During the in-service, the trainer should focus on the speed of the rescue and the extrication, good understanding between everyone’s role in the extrication, and your rescuer’s ability to foresee and adapt to environmental changes or shifts in the victim’s status. It’s often helpful to have someone specifically available to extradite the process by supporting the extrication of the victim onto the deck and assist with patient care.
Good rescues are fast and can progress from rescue to extrication without losing much momentum. These rescuers take advantage of the speed that is generated from the entry to propel them to the victim, the power they can get from pushing off the bottom to get the victim to the surface, and swimming a submerged victim up at an angle as they approach the surface so the distance to the side of pool is reduced and forward motion is uninterrupted.
Rescuers and support staff need to understand their individual assignments within the extrication of the victim and to remember that the overall objective is to provide the best and quickest care possible. Assignments could include rescuers sharing the responsibility of making the rescue and the extrication of the victim, or it could mean that each rescuer only does one component of the rescue and extrication to keep the fluidity and speed constant. Rescuers could even transition to an assisting role, depending on the availability of staff.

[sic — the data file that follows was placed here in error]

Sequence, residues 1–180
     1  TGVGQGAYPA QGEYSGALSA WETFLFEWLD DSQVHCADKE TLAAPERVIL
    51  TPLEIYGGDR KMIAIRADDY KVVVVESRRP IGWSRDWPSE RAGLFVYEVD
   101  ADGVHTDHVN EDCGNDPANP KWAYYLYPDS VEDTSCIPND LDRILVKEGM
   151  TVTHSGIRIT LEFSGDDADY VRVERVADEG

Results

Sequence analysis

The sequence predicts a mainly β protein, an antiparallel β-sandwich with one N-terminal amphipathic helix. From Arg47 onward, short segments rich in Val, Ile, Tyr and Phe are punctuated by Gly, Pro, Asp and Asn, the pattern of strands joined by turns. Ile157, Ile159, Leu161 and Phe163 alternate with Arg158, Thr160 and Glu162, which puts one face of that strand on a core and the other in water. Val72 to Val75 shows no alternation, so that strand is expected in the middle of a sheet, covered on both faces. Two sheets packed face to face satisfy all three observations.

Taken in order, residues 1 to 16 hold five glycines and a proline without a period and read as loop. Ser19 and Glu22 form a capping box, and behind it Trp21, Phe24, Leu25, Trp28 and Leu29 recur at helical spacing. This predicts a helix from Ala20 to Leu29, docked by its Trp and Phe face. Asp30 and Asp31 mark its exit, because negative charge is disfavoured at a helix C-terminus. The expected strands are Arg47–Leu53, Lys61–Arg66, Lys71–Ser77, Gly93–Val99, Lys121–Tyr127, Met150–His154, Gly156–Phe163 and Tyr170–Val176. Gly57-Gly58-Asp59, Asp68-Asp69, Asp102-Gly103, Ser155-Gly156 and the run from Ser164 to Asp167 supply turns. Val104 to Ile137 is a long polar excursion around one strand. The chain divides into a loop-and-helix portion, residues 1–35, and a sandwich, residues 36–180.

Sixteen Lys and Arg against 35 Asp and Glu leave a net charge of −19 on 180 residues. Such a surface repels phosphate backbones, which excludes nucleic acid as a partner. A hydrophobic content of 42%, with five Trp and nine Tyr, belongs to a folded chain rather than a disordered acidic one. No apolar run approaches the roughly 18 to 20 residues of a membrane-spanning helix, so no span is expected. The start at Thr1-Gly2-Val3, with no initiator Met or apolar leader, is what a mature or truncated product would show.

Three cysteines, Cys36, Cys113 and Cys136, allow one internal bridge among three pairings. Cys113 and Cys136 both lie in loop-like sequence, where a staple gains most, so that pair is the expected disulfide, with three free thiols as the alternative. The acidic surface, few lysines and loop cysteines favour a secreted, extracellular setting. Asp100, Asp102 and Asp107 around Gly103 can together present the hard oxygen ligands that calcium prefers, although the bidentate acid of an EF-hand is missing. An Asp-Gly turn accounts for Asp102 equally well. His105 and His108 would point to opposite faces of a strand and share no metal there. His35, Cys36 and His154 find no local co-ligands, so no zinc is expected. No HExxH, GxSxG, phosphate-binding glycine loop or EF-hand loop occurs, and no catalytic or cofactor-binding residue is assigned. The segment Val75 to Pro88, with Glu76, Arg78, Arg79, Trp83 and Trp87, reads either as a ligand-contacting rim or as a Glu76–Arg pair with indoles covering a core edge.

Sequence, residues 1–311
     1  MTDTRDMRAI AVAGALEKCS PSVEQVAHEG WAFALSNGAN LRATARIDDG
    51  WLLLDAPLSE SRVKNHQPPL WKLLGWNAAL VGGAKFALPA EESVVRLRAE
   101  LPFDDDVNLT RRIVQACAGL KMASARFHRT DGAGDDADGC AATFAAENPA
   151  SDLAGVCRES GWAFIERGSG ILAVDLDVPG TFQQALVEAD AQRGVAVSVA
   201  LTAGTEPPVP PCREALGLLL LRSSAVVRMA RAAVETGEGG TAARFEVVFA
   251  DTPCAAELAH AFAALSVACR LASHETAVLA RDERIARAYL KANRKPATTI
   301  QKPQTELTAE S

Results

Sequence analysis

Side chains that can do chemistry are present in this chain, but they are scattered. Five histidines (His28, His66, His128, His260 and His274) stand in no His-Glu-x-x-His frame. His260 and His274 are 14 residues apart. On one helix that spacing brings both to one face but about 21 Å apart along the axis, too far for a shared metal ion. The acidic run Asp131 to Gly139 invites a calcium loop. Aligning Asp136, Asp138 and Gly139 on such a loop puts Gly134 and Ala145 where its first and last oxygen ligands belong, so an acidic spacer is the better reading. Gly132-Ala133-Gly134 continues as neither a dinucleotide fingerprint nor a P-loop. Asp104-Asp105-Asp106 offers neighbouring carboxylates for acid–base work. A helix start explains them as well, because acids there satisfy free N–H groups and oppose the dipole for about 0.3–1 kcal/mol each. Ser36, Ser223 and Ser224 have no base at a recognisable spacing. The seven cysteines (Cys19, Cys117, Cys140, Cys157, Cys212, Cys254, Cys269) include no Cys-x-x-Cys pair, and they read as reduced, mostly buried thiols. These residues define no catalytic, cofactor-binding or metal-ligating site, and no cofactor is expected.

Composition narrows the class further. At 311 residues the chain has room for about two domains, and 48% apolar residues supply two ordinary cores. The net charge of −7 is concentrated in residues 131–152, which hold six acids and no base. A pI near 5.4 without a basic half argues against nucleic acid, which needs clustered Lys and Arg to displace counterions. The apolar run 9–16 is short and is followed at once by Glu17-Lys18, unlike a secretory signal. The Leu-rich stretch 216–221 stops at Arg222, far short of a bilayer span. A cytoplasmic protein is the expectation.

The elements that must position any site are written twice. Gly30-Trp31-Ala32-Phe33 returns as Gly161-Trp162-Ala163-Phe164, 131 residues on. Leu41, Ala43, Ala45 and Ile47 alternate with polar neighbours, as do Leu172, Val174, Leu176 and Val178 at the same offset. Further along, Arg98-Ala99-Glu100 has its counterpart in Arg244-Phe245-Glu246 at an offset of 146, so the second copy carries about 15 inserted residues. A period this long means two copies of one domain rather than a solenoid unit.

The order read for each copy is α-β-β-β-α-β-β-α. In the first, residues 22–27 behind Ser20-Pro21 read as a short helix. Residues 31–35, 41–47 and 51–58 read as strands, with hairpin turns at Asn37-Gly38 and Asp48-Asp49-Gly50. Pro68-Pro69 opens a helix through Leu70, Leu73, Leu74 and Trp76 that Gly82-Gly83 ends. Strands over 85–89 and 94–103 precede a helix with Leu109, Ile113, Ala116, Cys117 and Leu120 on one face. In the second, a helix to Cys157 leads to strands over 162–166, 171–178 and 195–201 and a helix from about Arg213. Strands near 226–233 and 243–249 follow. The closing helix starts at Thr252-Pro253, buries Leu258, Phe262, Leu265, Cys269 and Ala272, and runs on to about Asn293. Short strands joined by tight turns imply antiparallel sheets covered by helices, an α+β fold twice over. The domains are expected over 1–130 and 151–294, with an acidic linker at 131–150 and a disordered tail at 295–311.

Adaptability comes after the rescue team has demonstrated proficiency in extricating a victim. The team should be tested on what to do if the rescue equipment fails or is simply not available. Rescuers should train on what to do with or without rescue tubes; how to give appropriate victim support during the extrication and at the side of the pool if there is delay in getting them onto the deck; or how to deal with extremely large victims. Practice in-water ventilations if there is delay in extrication, or if the victim’s status is unconscious and not breathing.
The rescue team must demonstrate excellent communication skills. If there is a need for additional help in any part of the rescue — extrication or patient care — it needs to be voiced immediately.
Here are some variations — and sub-variations — to practice:
Extrication with a backboard
• One rescuer and one trained staff. Using the YMCA Speed Board, attempt exit in deep water. You can try this two ways: starting from the water, and starting from the deck.
• One or two rescuers and two trained staff. Perform both shallow and deep-water rescues.
• Two person removal with a backboard, without a rescue tube (an American Red Cross drill)
Extrication without a backboard
Direct lift child or adult in shallow water.
• One rescuer and one trained staff.
• One rescuer and two trained staff.
With the list of extrication variations, the team will realize that no two rescues are alike. The goal of the rescue team is to be proficient in skills, unafraid to communicate when things don’t go as planned and to fluidly work together to meet the objective: rescuing the victim.
Good luck, and keep training.